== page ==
Inhaled chemotherapy: changing the face of lung cancer treatment

InhaTarget Therapeutics speaks to The Innovation Platform about their promising preclinical efficacy data on CIS-DPI product combined with ICIs.

In December 2018, we presented our InhaTarget project as a promising academic project to develop new treatment modalities of lung cancer by inhalation. The project has now hatched from its laboratory egg to become an entrepreneurial venture bringing a new hope in the lung cancer treatment landscape.

Lung cancer, including non-small cell lung cancer (NSCLC, 85% of cases) and small cell lung cancer (SCLC, 15% of cases), is the most prevalent and the deadliest cancer in the world, and is now unfortunately facing a sustained growth due to environmental and human factors (such as pollution and smoking). Despite recent progresses in patient care, such as the introduction of immunotherapies as a new treatment modality (e.g. checkpoint inhibitors like anti-PD1 monoclonal antibody), there remain major unmet clinical needs in lung cancer treatment.

While early stages patients (approximately 35% of patients) may be treated by surgery and/or radiotherapy with a quite good success rate, most of the late stage patients (representing approximatly 65% of them) shall require a systemic treatment (intravenous chemotherapy and/or immunotherapy) inducing severe toxicities and hence limiting the duration and frequency of the treatment.1

Fig. 1 Tumors’ bioluminescence mean signal intensities for negative control group, anti-PD1 monotherapy group, CIS-DPI monotherapy group and anti-PD1/CIS-DPI combination group, to up to the day at which ≥ 50% mice in every groups were still alive, i.e. day 17 post cancer cell engraftment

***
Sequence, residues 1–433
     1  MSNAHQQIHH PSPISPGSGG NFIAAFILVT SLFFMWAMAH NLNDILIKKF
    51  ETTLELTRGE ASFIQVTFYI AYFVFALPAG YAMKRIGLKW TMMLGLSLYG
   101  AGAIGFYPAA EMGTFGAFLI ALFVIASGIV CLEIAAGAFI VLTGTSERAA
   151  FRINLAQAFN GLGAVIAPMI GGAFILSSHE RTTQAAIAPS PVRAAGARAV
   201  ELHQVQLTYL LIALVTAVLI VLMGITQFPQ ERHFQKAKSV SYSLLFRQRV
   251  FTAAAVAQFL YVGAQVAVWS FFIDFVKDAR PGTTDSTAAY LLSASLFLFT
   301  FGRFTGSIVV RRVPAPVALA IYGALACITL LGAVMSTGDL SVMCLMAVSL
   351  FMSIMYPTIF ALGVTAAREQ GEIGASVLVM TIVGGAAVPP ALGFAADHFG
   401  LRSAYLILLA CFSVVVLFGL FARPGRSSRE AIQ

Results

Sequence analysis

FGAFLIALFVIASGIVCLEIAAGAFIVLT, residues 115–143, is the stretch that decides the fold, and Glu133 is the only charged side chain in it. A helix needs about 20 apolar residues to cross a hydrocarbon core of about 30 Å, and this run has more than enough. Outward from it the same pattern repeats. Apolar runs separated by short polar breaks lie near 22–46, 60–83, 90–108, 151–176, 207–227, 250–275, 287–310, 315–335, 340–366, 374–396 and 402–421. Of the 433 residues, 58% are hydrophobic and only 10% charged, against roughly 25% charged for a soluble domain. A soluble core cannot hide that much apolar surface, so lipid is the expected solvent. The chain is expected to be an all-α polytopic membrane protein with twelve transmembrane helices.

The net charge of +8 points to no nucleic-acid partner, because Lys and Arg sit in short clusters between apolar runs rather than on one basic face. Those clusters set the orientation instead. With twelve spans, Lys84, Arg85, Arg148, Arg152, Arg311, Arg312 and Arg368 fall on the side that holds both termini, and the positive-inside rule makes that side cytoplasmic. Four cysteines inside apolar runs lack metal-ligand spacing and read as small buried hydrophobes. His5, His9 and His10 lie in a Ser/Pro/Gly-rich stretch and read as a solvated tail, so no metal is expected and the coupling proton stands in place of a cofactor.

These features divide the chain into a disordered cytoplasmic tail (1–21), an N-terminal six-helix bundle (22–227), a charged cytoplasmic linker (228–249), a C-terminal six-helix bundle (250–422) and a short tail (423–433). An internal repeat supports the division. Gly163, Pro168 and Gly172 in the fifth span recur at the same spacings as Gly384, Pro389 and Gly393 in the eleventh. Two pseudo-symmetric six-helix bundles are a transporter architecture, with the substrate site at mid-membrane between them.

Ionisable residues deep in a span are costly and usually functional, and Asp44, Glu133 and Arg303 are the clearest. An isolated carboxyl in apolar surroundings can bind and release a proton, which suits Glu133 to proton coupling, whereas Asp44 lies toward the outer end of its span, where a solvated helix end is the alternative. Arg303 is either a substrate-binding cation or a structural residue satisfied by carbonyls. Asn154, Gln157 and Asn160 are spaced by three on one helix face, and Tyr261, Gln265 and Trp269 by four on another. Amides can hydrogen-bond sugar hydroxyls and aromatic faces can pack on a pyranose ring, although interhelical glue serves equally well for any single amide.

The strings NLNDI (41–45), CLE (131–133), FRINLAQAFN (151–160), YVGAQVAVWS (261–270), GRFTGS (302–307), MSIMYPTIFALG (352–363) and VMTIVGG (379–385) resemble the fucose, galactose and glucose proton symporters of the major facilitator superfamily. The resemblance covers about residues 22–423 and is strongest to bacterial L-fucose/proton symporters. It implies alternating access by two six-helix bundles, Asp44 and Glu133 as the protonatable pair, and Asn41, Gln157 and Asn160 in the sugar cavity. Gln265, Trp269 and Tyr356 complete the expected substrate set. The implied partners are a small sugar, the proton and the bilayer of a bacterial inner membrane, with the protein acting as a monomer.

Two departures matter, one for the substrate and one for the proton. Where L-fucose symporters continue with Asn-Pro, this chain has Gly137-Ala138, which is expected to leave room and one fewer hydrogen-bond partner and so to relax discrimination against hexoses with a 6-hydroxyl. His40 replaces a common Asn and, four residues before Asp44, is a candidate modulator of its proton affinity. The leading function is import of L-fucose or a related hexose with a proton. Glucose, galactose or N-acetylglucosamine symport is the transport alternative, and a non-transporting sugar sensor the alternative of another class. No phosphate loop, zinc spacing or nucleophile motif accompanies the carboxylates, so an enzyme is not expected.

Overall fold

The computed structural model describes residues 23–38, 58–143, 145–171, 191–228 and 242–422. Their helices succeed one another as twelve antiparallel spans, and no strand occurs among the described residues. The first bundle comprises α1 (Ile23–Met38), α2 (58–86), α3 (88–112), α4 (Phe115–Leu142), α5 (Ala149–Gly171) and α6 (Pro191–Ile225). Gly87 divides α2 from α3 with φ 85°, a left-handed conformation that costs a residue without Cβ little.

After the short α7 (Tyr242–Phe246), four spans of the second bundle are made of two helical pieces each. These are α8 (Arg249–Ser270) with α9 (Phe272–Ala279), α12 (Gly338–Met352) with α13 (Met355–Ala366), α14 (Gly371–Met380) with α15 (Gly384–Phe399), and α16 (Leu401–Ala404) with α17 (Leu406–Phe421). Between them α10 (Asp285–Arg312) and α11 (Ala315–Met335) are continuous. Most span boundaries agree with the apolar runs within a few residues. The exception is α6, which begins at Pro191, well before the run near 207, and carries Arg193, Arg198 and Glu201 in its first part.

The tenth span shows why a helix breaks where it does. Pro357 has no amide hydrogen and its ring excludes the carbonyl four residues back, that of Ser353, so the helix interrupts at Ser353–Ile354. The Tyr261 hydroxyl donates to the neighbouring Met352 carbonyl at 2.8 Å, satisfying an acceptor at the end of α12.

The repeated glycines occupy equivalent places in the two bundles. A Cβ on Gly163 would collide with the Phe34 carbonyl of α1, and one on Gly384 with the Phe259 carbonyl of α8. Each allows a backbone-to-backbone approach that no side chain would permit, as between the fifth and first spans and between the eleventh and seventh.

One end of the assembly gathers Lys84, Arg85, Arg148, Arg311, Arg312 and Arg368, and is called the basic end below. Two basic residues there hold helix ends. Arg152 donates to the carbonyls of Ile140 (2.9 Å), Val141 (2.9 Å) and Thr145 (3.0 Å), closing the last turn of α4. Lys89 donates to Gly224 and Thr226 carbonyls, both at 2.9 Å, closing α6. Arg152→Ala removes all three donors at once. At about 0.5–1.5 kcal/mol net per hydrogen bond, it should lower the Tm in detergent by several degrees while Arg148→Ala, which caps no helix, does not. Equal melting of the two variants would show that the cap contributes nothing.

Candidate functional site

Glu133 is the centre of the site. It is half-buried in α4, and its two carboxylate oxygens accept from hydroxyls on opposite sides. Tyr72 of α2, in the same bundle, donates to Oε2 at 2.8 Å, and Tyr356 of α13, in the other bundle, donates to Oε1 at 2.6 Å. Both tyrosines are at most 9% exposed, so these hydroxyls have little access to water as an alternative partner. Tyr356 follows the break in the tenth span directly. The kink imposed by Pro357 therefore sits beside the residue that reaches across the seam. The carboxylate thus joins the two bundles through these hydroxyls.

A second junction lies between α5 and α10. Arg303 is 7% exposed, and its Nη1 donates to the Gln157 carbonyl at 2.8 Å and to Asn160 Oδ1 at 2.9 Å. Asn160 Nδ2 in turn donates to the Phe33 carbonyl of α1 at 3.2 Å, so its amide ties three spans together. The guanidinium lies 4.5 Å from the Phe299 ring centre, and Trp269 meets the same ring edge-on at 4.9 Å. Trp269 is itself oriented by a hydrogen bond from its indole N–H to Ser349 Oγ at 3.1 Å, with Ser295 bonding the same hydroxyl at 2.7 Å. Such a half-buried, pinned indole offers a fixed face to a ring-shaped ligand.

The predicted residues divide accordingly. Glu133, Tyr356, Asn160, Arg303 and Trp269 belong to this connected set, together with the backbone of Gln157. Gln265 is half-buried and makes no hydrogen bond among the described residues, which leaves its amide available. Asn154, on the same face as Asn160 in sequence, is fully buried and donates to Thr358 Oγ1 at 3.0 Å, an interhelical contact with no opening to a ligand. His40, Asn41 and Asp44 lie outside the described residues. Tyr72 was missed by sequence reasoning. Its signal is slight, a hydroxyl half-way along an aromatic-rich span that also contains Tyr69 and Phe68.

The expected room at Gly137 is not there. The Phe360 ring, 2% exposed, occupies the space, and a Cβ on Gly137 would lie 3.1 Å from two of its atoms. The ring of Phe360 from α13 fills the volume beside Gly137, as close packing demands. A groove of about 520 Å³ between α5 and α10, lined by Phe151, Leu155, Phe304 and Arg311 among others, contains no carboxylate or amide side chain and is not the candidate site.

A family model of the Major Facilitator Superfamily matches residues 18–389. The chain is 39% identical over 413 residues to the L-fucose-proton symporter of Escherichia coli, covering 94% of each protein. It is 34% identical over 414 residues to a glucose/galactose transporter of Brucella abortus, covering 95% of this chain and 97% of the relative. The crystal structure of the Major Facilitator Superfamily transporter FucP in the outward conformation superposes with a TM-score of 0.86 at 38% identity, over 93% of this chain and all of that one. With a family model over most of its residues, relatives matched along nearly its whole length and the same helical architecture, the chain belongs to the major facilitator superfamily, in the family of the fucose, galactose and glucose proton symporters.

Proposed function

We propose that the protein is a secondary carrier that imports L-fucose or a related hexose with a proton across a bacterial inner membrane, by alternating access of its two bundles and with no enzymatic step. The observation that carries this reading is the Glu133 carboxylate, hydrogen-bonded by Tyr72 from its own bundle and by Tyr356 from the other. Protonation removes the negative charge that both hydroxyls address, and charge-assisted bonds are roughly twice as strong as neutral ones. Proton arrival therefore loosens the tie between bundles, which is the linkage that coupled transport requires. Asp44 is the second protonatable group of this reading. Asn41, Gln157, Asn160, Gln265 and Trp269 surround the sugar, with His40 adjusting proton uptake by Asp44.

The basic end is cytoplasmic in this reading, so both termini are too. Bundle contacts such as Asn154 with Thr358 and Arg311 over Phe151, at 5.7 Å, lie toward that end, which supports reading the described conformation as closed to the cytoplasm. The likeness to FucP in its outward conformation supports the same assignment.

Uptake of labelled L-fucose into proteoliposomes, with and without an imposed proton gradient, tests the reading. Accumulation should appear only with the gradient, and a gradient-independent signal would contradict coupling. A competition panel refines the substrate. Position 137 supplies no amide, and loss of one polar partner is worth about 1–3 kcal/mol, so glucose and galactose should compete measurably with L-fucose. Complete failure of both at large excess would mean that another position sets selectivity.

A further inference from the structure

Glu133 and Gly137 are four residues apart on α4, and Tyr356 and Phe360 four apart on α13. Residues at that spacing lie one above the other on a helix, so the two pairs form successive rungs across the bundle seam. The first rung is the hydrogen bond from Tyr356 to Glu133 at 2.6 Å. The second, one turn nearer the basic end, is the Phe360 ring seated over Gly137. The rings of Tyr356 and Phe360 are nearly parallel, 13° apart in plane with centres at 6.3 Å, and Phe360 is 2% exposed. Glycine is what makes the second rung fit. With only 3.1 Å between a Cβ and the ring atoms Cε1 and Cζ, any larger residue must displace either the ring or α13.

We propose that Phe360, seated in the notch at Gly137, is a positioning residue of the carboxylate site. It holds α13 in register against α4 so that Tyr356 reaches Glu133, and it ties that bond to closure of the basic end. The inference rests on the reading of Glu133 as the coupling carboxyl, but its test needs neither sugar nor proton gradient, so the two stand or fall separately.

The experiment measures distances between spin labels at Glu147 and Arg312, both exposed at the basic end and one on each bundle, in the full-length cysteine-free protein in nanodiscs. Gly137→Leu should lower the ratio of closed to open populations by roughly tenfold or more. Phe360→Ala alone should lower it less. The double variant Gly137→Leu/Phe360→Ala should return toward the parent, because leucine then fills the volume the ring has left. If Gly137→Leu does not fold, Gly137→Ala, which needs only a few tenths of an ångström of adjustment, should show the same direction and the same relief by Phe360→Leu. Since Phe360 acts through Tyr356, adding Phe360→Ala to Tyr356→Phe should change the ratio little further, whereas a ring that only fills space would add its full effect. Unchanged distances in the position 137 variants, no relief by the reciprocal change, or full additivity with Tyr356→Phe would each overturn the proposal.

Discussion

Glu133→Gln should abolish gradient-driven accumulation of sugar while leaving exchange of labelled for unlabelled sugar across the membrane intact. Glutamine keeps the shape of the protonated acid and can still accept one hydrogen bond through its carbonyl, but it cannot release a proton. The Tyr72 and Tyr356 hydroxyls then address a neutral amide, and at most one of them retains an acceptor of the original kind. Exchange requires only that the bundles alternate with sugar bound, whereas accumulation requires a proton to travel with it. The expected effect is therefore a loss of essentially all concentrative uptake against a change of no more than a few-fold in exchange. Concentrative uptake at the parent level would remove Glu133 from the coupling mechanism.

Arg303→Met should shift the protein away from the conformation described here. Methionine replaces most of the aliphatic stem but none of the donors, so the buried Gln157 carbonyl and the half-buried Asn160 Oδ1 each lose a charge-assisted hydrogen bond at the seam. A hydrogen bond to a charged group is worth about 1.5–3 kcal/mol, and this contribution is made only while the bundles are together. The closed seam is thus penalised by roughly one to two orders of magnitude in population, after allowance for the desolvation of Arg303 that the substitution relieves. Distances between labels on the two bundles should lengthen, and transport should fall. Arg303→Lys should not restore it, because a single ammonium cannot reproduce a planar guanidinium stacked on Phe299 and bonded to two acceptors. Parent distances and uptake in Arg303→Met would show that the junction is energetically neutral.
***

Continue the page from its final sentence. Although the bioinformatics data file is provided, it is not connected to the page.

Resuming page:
A new route of administration

InhaTarget Therapeutics is currently developing innovative solutions to overcome such treatment limitations, and the toxicological and efficacy results generated during the last three years are particularly encouraging. Their innovative approach is based on the delivery of conventional chemotherapy compounds by inhalation in order to bring therapeutic and safe doses in the lung without increasing the systemic toxicities of the current treatments.
More specifically, the lead product of the company (CIS-DPI) is a dry powder formulation for inhalation (DPI) of cisplatin. This patented innovative formulation presents many advantages for the treatment of lung cancer through:

1) The deposition of high amount of cisplatin in the deep lung,
2) The control of the pulmonary release of cisplatin to improve local tolerance,
3) The prolonged retention of cisplatin in the lungs to sustain its therapeutic effect.

CIS-DPI is a breakthrough therapeutic approach to be used in combination with the current standards of care such as immune checkpoint inhibitors (ICIs like pembrolizumab or nivolumab):
• It enables a high frequency of local administrations of chemotherapy to the patients (as compared to systemic intravenous chemotherapy, which requires off-treatment periods 21`of three weeks due to their related systemic toxicities);
• Thanks to the specificities of the combined inhalation device and the powder formulation, it will enable the patients to be treated at home, hence overcoming the logistic and cost burdens of hospitalisation; and
• The frequent local administration of DPI chemotherapy may present very interesting synergies in combination with ICIs, leading to a boost of the immune response at the systemic level and the treatment of metastases.
ICIs have indeed become central in the care of patients with advanced lung cancer including SCLC and NSCLC (anti-PD1 monoclonal antibody pembrolizumab is currently used, depending on the PD-L1 tumour proportion score, as monotherapy in approximately 30% of stage IV NSCLC or combined with chemotherapy in around 60% of them).1

The synergies of immunotherapy and CIS-DPI: encouraging preclinical results observed

CIS-DPI will be used in combination with immunotherapy in stage IV patients.2 While the benefits of combining immunotherapy with systemic chemotherapy has already been observed in several of patient populations, InhaTarget Therapeutics is now demonstrating the real interest of integrating their CIS-DPI as a promising clinical candidate in combination with immunotherapy.1,3,4